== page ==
Just a day after negotiations were reported to be underway, it's official: Antonio Conte is the new manager of Italy.
It's been the obvious fit ever since Conte resigned his Juventus post last month.Tactically and stylistically, Conte's a great fit for the players available to Italy right now (it helps that seemingly half of those are Juve players), and his track record of success is certainly attractive. If he can bring his club success to the international stage, Italy can become a force again.
Conte takes over from Cesare Prandelli, who resigned after Italy's group stage exit, and is reported to have signed a two-year contract that will take him through the 2016 European Championships. That's a pretty standard contract term these days for international managers, and assuming he finds success in the meantime offering him a new contract will be a no-brainer. Of course, he could always get the itch to coach at the club level again, but that will have to be seen in the meantime.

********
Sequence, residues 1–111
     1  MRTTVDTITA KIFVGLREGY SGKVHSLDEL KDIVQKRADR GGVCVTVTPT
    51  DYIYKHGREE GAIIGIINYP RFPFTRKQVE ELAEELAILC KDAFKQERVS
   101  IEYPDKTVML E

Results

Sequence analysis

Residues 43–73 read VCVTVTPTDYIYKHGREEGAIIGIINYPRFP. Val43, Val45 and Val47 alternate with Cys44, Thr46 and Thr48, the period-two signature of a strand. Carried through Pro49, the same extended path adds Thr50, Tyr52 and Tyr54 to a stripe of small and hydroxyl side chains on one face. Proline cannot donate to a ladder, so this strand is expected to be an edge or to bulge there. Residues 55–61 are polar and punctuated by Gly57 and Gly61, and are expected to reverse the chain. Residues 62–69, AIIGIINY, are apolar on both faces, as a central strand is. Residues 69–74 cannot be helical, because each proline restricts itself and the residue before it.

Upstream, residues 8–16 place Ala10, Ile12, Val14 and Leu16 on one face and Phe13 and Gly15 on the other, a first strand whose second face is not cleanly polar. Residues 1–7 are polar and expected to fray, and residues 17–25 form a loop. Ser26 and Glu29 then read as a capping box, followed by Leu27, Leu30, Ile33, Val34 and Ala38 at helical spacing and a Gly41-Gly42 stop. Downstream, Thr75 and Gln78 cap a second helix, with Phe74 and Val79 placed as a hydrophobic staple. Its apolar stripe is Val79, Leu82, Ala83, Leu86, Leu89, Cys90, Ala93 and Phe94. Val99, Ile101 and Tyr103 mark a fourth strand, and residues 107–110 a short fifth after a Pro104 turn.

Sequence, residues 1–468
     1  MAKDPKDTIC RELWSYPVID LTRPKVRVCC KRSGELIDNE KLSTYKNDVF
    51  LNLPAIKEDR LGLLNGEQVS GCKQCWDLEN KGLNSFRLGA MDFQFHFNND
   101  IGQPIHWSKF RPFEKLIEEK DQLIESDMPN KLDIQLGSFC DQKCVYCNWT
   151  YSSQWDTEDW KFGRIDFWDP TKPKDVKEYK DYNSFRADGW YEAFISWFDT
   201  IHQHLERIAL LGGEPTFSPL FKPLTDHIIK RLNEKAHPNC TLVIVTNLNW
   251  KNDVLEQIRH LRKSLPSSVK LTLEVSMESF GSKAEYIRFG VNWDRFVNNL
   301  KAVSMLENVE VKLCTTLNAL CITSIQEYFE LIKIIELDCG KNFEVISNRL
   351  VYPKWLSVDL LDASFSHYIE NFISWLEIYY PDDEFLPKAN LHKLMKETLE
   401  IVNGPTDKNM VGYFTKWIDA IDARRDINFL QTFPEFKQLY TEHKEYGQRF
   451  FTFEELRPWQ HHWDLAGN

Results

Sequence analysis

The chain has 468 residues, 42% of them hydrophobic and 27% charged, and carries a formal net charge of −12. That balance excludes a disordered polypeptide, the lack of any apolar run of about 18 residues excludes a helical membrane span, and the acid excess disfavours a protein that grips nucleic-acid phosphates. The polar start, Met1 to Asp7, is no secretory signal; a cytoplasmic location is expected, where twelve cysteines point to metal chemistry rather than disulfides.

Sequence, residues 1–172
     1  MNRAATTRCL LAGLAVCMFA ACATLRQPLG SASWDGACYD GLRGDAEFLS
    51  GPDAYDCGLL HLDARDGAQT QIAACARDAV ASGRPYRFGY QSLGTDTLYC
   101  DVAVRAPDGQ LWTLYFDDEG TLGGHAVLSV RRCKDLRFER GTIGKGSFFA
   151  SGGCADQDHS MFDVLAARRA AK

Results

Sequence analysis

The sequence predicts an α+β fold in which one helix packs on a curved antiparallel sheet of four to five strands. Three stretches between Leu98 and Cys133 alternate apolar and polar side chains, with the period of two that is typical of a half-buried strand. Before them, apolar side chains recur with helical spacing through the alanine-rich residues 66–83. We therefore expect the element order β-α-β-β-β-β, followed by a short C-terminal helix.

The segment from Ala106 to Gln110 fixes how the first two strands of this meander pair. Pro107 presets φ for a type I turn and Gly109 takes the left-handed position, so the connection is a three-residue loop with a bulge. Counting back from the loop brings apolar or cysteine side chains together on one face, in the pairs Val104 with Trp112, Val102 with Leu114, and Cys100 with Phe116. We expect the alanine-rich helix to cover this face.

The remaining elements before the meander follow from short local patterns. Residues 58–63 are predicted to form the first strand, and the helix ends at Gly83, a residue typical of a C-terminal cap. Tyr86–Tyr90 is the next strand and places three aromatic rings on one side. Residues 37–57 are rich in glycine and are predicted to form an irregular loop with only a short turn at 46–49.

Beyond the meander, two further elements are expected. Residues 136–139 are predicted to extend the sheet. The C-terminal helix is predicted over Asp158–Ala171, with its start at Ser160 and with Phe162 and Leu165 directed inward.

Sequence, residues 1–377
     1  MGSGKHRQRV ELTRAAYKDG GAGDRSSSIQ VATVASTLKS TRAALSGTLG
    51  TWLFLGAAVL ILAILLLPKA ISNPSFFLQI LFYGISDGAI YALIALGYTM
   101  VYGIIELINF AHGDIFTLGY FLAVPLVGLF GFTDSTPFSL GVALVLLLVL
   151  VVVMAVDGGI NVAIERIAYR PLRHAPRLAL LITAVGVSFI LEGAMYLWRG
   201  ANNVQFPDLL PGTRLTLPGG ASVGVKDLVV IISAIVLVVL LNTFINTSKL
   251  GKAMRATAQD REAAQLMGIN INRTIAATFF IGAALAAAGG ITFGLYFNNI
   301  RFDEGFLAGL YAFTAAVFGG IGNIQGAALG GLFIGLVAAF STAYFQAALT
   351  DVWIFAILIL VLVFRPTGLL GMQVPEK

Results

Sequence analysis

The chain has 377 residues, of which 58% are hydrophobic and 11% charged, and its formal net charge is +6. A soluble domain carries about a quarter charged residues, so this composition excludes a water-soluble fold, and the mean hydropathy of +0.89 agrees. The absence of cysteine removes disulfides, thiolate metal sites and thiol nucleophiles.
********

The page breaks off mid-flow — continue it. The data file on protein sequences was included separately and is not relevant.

Conte's first test will be early next month when Italy host the Netherlands, who finished third in the World Cup, on September fourth, then go to Norway on the ninth. Conte has a lot of work in store to get Italy back to the heights that it arguably belongs in, as evidenced by two straight group stage exits at the World Cup with pitiful displays after winning it all in 2006.
It could prove interesting to see how this affects the Azzurri careers of Christian Maggio and Lorenzo Insigne. Maggio's on the downswing of his career, but operates similarly to how Conte seems to like his fullbacks to work. Insigne has had a hard time fully breaking in to the senior Italian side, but Conte has expressed admiration for the attacker in the past, and he certainly has all the grinta Conte loves from his forwards. This move could actually be a good thing for Napoli's main Italian stars.